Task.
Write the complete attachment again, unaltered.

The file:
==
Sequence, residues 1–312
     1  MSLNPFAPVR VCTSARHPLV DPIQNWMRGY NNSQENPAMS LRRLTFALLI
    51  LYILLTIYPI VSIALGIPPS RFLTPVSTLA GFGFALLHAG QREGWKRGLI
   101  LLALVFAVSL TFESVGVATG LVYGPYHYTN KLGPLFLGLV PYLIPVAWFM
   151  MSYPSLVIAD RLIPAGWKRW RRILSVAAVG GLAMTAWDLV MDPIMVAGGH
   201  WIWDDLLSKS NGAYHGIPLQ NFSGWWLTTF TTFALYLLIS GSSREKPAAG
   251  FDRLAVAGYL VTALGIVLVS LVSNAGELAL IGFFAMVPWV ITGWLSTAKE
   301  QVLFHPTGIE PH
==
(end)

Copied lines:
Sequence, residues 1–312
     1  MSLNPFAPVR VCTSARHPLV DPIQNWMRGY NNSQENPAMS LRRLTFALLI
    51  LYILLTIYPI VSIALGIPPS RFLTPVSTLA GFGFALLHAG QREGWKRGLI
   101  LLALVFAVSL TFESVGVATG LVYGPYHYTN KLGPLFLGLV PYLIPVAWFM
   151  MSYPSLVIAD RLIPAGWKRW RRILSVAAVG GLAMTAWDLV MDPIMVAGGH
   201  WIWDDLLSKS NGAYHGIPLQ NFSGWWLTTF TTFALYLLIS GSSREKPAAG
   251  FDRLAVAGYL VTALGIVLVS LVSNAGELAL IGFFAMVPWV ITGWLSTAKE
   301  QVLFHPTGIE PH